Class, Consumption and Taste Cultures

My attention was caught the other day by a sleight little piece in a London newspaper (“12 signs you’re middle class”) that got me thinking about a neglected – but I’d argue increasingly relevant and interesting – dimension to social class: the role of taste cultures in defining different class identities.

While the article is an interesting “discussion piece” for students to get them thinking about class, consumption, culture and taste, the background to this might be to think about the development of taste cultures over the past 50 years.

Conventional ways of thinking about class and taste involve arguing for a general convergence of working and middle-class tastes, such as to make class distinctions increasingly blurred. Fenster (1989), for example, notes that “even into the 1980’s class based taste cultures (defined in terms of a recognisable group “of similar people making similar choices”) could be relatively easily identified”. There were still, however, certain broad areas in which different class identities could be delineated in terms of cultural orientations:

Working-class identities were reflected in orientations such as:

  • present orientations (a concern with immediate consumption — because you might not get the opportunity later)
  • immediate gratification (leaving school at the earliest opportunity to take paid employment, for example)
  • tastes such as pop music, football, television, not ‘eating out’

Middle-class identities, on the other hand, were reflected in orientations such as:

  • future orientation
  • deferred gratification (staying in education to obtain qualifications that give entrance to professional careers, for example)
  • tastes such as ‘popular’ classical music, theatre and ‘eating out’

Taste cultures as indicative of distinctive boundary lines between working and middle class identities have, however, changed dramatically in recent times. Prandy and Lambert (2005) suggest ‘there is a gradual shift amongst the population from seeing themselves as working class to middle class’. Savage (2007) argues that although people generally still use traditional class categories as a source of identity, the meaning of this identity has changed: greater emphasis is now placed on individual, rather than collective, experiences.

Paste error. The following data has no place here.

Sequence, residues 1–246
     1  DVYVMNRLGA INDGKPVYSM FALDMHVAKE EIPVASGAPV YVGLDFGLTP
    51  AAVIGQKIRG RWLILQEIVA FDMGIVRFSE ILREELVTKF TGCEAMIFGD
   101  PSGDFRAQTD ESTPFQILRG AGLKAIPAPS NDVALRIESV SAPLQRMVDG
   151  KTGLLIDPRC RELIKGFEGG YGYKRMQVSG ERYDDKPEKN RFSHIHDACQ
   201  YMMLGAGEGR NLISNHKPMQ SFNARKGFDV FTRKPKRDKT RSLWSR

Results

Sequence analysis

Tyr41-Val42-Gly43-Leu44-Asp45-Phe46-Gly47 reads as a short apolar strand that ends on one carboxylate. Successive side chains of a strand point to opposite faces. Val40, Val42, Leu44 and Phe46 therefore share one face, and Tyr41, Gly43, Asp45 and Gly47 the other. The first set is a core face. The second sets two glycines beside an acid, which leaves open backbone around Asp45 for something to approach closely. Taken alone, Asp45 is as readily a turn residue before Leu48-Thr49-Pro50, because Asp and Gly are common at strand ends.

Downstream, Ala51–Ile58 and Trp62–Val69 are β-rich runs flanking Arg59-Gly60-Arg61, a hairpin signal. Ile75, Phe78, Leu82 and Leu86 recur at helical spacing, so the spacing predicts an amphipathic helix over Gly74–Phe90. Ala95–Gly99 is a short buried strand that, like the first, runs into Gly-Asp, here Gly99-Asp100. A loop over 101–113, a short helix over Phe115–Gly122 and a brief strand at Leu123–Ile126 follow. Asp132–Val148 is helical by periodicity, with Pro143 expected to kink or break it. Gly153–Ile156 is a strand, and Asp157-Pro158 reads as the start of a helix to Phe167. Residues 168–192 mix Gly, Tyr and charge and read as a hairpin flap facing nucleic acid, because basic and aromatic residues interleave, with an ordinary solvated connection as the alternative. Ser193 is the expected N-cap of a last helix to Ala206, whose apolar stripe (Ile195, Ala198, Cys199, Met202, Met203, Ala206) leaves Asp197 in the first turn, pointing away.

Savage argues people now talk in terms of hybrid class identities, which involve a mixture of traditional working- and middle-class tastes. For him this reflects the idea that social class is a fluid identity based on the ‘ability of people to make some kind of choice’.

In this respect Brooks (2006) identifies three general cultural themes contributing to middle-class identity:

1. Not working class: Brooks argues ‘The construction of middle class identities has primarily been related to the claim that one is “not working class” – expressed in contemporary society by the idea middle-class identities involve taste cultures (the consumption of music, food, literature, film, clothing and so forth) qualitatively different from those of the working class (the difference, perhaps, between shopping in Lidl and Waitrose).

2. Disgusted subjects: Lawler (2005) argues ‘expressions of disgust at perceived violations of taste [and] white working-class existence’ are a consistent and unifying feature of middle-class identities. An example here is the idea of chav culture: the claim large sections of the white working-class lack taste. Although ‘chavs’ may buy expensive clothes (brands such as Burberry that were once exclusively middle class), their lack of taste (involving cheap flashy jewellery, for example) marks them out for (middle-class) ridicule. The ‘ownership of taste’ allows the middle classes to distinguish themselves from those below and, to some extent, those above (who can be categorised in terms of ‘vulgar and tasteless shows of wealth’). As Bourdieu (1984) puts it, ‘Social identity lies in difference, and difference is asserted against what is closest, that which represents the greatest threat.’

3. Social capital: This involves the ways in which people are connected to (or disconnected from) social networks (‘who you know’) and the value these connections have for what Putnam (2000) calls ‘norms of reciprocity’ (what people are able and willing to do for each other). Middle-class families are better positioned to tap into significant social networks (such as those found in schools or the workplace) that reinforce their sense of identity and difference. One important aspect of this is what Bourdieu (1986) calls cultural capital – the various (non-economic) resources, such as family and class background, educational qualifications, social skills and tastes, that give people competitive advantages over others.

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